For OPEN ART the gallery will be showing silkscreen prints by Maria Lassnig from her time in New York. This exhibition draws attention to a playful, experimental facet of Lassnig’s work that has received little notice until now. Animated films from the same period, as well as etchings from the 1980s will round out the show.
In 1968, after seven years in Paris, the artist moved into a studio in New York, the throbbing capital of art, “where the women are strong.” Her painting was considered "strange" and "morbid" in the United States, so, inspired by Pop Art, she began studying the then popular technique of silkscreen printmaking, at the Pratt Institute. She was attracted to experimenting with colors and playing with different variations on a theme. In contrast to the then more common method of basing prints on photographs, Lassnig was interested in using the new technique to vary her own drawings and paintings.
The subjects of her large screenprints produced around 1969 differ from those of Pop Art. Instead of consumer goods, Lassnig turned her body into the subject, which she blended with objects, such as an easel, a razor, or a city map. Her images are based on bodily sensations—the physical perception of herself in the world. In New York she coined the term "body awareness", which in her prints she translated into abstract, concise forms, like those found in Ladyplant, Gruppensex, or Mutter und Kind. Humorously, seriously, and mercilessly, she captured on paper the things she felt or imagined. She employed the new technique to variegate famous “body awareness” drawings from the 1950s in a painterly manner: the silkscreen Man in the Garden is based on the drawing Knödelselbstportrait, while Konservenmann derives from her work Verankerung. Sink und Chair are realistic references to her New York studio, the luxury of a sink, and the filth of the city.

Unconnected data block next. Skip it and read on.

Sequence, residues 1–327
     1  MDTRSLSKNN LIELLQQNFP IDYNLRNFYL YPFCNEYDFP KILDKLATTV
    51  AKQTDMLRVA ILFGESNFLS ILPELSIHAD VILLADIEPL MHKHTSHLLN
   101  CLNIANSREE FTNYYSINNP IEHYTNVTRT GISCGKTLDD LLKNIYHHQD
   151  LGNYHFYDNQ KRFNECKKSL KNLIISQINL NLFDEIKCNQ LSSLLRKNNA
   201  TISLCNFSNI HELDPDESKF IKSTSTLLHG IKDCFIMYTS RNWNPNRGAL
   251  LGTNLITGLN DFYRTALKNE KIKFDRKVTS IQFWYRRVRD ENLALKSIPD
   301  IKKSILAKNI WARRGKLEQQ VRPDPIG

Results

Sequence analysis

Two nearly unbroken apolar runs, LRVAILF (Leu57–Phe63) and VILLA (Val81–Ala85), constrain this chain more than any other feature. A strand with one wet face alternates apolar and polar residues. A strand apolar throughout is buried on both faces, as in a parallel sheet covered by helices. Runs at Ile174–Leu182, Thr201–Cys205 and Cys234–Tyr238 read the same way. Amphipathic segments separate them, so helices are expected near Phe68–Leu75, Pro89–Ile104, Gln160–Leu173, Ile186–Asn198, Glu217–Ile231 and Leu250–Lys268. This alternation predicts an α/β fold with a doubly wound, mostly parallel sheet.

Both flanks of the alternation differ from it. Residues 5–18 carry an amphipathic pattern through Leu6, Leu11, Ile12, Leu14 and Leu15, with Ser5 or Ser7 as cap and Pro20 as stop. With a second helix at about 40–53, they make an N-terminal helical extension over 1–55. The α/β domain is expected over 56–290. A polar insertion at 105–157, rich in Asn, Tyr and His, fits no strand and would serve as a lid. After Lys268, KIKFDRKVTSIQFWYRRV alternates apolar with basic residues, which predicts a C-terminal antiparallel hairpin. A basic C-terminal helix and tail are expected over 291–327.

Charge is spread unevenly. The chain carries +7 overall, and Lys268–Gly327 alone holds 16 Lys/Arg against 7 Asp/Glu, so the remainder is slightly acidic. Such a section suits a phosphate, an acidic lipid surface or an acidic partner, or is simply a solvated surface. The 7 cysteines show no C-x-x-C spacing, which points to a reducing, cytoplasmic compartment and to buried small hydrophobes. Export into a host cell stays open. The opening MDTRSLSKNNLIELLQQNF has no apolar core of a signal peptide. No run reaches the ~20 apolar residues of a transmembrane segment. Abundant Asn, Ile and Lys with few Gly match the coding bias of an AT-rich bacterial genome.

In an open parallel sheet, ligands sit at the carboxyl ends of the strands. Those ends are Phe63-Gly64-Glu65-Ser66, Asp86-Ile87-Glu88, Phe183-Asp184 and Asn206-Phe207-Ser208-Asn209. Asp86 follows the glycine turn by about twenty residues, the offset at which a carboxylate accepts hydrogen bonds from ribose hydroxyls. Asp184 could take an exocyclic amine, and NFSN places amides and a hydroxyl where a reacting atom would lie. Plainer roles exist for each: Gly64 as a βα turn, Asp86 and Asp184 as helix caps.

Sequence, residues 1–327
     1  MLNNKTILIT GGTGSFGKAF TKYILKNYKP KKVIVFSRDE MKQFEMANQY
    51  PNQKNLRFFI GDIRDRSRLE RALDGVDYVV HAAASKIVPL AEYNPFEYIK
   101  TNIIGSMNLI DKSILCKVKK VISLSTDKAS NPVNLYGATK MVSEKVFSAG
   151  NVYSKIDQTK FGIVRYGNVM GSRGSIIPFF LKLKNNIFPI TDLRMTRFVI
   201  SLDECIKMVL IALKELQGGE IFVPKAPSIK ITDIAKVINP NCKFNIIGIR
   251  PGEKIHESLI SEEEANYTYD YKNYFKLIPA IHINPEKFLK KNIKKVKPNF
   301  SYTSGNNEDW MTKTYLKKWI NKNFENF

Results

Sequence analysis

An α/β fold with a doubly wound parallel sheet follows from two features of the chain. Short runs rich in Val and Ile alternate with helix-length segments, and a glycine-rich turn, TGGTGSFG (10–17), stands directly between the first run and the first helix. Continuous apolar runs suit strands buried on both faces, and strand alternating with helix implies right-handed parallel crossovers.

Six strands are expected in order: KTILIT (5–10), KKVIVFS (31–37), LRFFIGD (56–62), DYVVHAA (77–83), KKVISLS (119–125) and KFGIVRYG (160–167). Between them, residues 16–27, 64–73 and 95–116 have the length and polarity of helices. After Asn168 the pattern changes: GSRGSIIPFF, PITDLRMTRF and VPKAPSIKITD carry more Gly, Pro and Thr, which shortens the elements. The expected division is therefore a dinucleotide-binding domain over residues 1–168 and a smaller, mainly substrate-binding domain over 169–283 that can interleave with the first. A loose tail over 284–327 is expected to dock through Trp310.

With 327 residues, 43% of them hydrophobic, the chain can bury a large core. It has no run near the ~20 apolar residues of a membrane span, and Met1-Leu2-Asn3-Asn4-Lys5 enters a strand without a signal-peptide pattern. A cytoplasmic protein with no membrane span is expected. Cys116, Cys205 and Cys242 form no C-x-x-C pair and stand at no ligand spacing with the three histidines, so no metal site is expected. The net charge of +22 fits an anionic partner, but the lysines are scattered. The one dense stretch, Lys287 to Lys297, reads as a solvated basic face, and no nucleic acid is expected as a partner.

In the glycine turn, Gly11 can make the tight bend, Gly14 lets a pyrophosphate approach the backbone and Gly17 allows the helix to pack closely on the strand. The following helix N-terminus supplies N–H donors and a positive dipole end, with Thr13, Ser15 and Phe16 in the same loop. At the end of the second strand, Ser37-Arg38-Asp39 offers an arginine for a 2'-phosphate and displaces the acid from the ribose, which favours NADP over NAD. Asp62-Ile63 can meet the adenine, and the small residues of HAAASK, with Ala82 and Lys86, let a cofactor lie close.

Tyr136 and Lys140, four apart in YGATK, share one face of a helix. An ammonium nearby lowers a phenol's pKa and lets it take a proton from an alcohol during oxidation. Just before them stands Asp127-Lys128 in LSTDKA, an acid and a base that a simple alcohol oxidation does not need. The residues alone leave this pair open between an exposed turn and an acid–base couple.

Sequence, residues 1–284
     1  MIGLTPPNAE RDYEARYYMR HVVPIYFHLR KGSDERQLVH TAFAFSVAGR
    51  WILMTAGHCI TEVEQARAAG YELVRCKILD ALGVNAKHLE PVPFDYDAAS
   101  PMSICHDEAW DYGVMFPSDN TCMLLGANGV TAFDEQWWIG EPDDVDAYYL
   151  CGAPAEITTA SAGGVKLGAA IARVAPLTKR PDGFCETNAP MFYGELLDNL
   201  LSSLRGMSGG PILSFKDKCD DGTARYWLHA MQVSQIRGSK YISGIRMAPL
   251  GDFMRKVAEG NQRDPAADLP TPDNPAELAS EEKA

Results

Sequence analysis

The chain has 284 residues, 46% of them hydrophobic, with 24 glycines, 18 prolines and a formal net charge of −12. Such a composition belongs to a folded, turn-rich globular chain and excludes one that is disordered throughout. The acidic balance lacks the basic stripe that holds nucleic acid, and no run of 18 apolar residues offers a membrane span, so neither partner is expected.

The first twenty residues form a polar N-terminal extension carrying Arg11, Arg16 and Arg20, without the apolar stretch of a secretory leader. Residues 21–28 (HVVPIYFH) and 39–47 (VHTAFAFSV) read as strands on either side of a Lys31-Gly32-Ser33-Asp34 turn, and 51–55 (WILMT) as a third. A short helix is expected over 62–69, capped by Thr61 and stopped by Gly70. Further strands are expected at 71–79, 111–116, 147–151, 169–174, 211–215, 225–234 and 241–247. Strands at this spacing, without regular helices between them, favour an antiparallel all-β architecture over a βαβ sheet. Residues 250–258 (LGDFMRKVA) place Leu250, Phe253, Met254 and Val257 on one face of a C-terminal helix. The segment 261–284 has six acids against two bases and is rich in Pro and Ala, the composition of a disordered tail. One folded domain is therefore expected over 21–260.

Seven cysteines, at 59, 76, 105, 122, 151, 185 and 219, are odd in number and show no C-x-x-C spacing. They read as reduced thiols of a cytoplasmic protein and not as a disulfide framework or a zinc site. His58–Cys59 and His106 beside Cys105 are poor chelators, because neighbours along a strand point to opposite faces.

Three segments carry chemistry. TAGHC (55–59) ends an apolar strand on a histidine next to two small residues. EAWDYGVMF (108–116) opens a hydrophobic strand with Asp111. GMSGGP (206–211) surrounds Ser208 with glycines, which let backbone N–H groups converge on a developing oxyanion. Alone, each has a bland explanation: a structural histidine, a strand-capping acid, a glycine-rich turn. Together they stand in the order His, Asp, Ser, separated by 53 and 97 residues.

In 1970 Lassnig took a course in animated film at the School of Visual Arts. She bought a 16-mm camera, co-founded Women Artist Filmmakers Inc., and began producing her witty, feminist, animated films. In them she transformed objects like a chair into a body (Chairs), shed an ironic, narrative light on the relationship between the sexes (Couples), or took a look at herself in the role of the artist (Selfportrait).
Returning to Vienna in 1980, Lassnig once again devoted herself to printmaking. In 1986 she created a series of black-and-white etchings, which freely allude to earlier Surrealist and narrative works. In 1988 the Barbara Gross Galerie published the etchings, along with a catalogue that showed the diversity of the artist’s prints from 1949 onward.